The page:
Staff Training ........................................................... 6-37

    Tabletop Exercises ................................................... 6-40

    Families .................................................................... 6-42

    Models of Crisis Invention for Students ................ 6-46

Appendix A.

     Resources ........................................................... A-1

Appendix B.

    Emergency School Safety, Planning,

    Response, and Recovery Meeting

    Participants ................................................... B-1

Appendix C.

     Crisis Planning Interview Participants ................... C-1

List of Exhibits

    Exhibit 1.1 Cycle of Crisis Planning ............................................ 1-7

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Exhibit 3.1 Lockdown, Evacuation, or

Relocation Decisions ........................................... 3-9

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“As a former superintendent of the nation’s

    seventh largest school district, I know the

    importance of emergency planning. The

    midst of a crisis is not the time to start

    figuring out who ought to do what. At that

    moment, everyone involved?from top to

    bottom?should know the drill and know each

    other.”

    -Secretary Rod Paige Introduction

    Families trust schools to keep their children safe during the day.

    Thanks to the efforts of more than millions of teachers, principals,

    and staff across America, the majority of schools remain a safe

    haven for our nation’s youth. The unfortunate reality is, however,

    that school districts in this country may be touched either directly

    or indirectly by a crisis of some kind at any time.

    Natural disasters such as floods, earthquakes, fires,

    and tornados can strike a community with little or no warning.

    School shootings, threatened or actual, are extremely rare but are

    horrific and chilling when they occur. The harrowing events of

    September 11 and subsequent anthrax scares have ushered in a

    new age of terrorism. Communities across the country are

    struggling to understand and avert acts of terror.

    Children and youth rely on and find great comfort in

    the adults who protect them. Teachers and staff must know how

    to help their students through a crisis and return them home

    safely. Knowing what to do when faced with a crisis can be the

    difference between calm and chaos, between courage and fear,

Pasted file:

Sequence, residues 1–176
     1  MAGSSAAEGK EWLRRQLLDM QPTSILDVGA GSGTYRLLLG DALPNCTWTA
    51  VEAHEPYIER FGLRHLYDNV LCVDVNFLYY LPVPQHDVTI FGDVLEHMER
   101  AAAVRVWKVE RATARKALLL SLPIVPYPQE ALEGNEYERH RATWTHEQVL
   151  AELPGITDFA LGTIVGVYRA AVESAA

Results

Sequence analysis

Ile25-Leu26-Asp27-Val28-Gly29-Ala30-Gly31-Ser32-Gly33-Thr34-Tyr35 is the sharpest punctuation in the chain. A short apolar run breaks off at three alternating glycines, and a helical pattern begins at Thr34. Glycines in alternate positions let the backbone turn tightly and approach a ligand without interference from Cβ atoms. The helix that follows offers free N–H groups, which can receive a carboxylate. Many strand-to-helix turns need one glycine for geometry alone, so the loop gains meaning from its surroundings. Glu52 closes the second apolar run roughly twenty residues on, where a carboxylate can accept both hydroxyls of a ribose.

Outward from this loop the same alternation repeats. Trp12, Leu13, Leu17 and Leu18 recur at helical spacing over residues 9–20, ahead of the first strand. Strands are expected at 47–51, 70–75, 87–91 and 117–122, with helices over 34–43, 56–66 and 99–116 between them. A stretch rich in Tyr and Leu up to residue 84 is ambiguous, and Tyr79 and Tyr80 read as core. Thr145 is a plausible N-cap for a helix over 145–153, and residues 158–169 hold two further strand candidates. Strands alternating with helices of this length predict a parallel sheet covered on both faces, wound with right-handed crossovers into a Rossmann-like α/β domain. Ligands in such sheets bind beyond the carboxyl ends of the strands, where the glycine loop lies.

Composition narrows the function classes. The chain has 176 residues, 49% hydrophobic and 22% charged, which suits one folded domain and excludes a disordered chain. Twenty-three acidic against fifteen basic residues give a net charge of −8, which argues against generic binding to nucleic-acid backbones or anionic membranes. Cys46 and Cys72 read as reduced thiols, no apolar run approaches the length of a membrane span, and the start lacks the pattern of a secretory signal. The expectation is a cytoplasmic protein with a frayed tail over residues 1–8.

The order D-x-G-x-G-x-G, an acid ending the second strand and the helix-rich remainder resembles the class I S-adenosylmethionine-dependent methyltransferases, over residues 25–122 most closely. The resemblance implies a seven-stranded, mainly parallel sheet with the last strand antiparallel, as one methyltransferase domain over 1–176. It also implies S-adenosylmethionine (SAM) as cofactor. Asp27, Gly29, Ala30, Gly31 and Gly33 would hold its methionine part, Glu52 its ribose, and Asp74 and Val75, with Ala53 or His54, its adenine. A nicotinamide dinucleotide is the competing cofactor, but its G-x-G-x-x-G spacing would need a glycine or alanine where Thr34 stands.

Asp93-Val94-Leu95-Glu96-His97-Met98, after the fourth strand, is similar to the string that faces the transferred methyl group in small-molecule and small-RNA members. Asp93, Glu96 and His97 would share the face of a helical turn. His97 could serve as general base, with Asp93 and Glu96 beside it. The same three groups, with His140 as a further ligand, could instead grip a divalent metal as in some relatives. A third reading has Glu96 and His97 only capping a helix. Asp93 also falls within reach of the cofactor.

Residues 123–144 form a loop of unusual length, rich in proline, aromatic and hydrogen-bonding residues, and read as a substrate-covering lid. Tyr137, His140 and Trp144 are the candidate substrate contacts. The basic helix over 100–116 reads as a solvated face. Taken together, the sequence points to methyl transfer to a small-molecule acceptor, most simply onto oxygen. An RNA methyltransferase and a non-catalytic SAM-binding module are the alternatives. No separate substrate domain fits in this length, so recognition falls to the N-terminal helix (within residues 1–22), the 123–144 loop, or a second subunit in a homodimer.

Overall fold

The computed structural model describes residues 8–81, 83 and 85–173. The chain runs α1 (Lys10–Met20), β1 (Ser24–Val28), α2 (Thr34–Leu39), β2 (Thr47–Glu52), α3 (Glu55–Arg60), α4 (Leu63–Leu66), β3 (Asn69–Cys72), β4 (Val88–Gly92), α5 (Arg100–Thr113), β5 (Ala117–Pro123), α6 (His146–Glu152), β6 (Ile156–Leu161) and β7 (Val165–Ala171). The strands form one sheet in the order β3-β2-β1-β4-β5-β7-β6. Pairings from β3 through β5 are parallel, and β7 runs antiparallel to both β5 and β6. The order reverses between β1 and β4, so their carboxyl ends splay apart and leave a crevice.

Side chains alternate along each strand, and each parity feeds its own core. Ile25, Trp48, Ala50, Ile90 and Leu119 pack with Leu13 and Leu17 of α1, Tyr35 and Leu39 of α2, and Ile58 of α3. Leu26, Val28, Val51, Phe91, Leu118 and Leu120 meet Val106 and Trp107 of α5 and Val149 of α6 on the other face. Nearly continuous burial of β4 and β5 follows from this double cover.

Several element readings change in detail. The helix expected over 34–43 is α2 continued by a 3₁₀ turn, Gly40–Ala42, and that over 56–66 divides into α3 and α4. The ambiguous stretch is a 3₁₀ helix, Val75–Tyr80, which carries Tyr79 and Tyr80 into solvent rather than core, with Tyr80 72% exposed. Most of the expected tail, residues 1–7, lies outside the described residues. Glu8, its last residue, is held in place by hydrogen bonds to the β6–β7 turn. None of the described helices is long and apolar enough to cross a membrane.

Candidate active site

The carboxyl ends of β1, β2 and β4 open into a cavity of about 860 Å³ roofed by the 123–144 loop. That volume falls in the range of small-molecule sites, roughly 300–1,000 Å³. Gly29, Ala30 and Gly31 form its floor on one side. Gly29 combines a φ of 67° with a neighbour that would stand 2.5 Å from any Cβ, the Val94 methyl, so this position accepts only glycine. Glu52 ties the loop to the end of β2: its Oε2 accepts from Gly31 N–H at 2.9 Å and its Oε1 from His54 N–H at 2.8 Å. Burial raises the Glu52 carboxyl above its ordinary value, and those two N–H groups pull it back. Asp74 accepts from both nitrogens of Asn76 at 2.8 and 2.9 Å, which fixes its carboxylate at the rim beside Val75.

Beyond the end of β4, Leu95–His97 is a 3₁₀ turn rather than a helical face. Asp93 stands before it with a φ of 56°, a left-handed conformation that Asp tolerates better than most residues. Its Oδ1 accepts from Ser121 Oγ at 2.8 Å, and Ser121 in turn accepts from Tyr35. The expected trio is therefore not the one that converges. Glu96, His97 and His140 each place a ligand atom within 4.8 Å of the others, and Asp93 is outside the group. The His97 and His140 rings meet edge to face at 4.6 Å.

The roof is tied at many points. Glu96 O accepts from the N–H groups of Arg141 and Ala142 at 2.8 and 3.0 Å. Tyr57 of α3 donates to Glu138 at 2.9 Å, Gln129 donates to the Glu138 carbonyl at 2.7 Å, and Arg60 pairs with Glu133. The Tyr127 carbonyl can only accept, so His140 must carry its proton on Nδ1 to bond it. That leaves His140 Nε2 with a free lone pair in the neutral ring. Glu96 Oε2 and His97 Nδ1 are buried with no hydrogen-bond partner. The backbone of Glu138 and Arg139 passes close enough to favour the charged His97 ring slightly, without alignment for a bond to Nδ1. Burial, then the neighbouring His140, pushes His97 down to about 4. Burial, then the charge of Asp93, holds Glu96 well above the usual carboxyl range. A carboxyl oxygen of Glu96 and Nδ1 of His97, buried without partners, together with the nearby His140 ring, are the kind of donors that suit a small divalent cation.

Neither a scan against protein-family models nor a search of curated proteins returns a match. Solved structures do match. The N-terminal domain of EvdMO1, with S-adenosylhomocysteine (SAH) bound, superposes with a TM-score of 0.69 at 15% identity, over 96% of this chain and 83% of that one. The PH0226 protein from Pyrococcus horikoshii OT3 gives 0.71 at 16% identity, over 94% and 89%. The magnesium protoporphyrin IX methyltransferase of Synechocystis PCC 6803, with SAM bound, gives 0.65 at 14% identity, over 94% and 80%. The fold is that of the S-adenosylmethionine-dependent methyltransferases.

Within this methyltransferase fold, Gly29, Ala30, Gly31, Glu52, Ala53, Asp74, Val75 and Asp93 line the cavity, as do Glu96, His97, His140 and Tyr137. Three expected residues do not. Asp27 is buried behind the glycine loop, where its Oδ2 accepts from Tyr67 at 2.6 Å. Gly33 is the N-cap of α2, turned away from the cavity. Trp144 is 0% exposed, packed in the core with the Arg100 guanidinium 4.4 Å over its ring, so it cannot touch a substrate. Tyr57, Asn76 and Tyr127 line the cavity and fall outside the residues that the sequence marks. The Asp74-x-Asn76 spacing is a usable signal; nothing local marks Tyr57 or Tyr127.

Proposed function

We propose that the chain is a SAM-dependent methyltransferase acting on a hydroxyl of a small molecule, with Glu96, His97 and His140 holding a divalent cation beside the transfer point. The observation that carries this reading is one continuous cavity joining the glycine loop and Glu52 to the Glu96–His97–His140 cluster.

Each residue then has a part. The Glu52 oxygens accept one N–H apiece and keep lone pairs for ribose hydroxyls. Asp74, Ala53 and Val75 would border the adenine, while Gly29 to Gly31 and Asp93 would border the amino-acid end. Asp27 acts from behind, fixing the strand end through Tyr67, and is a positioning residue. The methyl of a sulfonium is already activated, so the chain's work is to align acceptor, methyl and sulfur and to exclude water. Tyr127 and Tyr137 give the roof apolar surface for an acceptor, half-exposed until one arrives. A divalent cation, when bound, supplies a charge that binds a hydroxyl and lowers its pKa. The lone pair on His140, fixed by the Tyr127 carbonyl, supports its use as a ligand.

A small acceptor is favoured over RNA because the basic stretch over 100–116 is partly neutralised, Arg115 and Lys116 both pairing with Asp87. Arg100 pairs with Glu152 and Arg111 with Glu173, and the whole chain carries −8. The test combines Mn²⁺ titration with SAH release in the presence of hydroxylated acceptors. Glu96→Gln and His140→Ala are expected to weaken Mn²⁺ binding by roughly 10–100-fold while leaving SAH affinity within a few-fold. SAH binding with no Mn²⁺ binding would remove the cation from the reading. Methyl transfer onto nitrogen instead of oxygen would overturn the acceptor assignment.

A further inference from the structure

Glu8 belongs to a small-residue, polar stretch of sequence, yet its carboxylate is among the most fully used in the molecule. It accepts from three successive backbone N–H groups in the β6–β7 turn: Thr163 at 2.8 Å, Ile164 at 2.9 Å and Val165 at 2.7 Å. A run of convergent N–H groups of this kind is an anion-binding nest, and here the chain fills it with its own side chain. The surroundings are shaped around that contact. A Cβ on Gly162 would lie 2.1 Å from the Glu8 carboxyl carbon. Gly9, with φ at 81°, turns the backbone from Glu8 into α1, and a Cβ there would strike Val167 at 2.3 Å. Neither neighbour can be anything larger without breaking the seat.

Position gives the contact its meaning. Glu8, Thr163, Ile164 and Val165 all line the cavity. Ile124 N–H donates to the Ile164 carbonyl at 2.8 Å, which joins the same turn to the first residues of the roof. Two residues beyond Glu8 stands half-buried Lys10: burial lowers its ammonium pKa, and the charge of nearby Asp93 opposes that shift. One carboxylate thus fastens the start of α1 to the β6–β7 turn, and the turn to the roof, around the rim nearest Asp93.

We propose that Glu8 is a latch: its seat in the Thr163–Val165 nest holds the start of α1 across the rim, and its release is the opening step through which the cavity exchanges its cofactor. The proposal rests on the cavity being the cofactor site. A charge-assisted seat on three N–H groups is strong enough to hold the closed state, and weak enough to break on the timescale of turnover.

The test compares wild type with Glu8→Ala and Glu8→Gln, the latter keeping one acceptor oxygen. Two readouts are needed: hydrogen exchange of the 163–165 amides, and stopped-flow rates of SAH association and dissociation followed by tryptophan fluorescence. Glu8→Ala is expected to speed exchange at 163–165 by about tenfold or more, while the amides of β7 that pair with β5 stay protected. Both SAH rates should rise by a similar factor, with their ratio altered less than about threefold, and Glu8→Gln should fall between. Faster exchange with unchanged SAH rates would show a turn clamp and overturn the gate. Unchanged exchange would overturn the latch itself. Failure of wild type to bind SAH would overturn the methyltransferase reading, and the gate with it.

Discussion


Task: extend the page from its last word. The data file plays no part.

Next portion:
between life and death. There are thousands of fires in schools

    every year, yet there is minimal damage to life and property

    because staff and students are prepared. This preparedness needs

    to be extended to all risks schools face. Schools and districts need

    to be ready to handle crises, large and small, to keep our children

    and staff out of harm’s way and ready to learn and teach.

    The time to plan is now. If you do not have a crisis

    plan in place, develop one. If you have one, review it, update

    and practice your plan.

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    Why This Guide?

Taking action now can save lives, prevent injury, and minimize

    property damage in the moments of a crisis. The importance of

    reviewing and revising school and district plans cannot be

    underscored enough, and Practical Information on Crisis Planning: A

    Guide for Schools and Communities is designed to help you navigate

    this process. The Guide is intended to give schools, districts, and

    communities the critical concepts and components of good crisis

    planning, stimulate thinking about the crisis preparedness process,

    and provide examples of promising practices.

    This document does not provide a cookbook approach to crisis preparedness. Each community has its own history,

    culture, and way of doing business. Schools and districts are at

    risk for different types of crises and have their own definitions of

    what constitutes a crisis. Crisis plans need to be customized to

    communities, districts, and schools to meet the unique needs of

    local residents and students. Crisis plans also need to address

    state and local school safety laws.

    Experts recommend against cutting and pasting plans from other schools and districts. Other plans can serve as useful

    models, but what is effective for a large inner-city school district

    where the population is concentrated may be ineffective for a

    rural community where schools and first responders are far apart.

    An Important Note on Research

The research on what works in school-based crisis planning is in

    its infancy. While a growing body of research and literature is

    available on crisis management for schools, there is little hard

    evidence to quantify best practices. Fortunately, major crises,

    especially catastrophic events, are rare in our nation’s schools.

    Few cases can be formally evaluated. Much of the information in

    this Guide draws heavily on what we know about crisis

    management in many settings. These promising practices could

    effectively be adapted and applied to school settings.